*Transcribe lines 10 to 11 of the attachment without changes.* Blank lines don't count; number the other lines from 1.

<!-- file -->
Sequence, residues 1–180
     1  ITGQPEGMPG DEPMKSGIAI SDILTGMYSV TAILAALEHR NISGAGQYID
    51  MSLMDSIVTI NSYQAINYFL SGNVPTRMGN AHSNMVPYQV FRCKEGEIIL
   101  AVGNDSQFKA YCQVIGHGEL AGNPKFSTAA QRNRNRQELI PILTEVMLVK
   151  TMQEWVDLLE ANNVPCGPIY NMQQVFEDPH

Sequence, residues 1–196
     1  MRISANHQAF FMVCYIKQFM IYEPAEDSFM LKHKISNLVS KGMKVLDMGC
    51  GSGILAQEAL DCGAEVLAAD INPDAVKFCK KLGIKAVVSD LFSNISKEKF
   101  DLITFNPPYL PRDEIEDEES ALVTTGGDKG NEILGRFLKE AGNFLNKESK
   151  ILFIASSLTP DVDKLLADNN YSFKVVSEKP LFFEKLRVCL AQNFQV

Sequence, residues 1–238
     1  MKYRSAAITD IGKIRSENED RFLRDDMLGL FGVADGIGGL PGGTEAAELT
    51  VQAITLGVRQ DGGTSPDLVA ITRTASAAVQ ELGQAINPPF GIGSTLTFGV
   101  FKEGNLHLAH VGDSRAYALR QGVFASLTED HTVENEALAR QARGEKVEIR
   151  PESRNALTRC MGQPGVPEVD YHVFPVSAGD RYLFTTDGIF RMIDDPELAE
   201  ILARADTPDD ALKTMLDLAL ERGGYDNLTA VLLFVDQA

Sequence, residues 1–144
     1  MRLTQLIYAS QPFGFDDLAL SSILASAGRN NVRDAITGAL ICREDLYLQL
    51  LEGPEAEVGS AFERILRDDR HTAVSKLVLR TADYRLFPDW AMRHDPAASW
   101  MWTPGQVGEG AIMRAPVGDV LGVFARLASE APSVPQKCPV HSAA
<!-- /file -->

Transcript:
   151  ILFIASSLTP DVDKLLADNN YSFKVVSEKP LFFEKLRVCL AQNFQV

Sequence, residues 1–238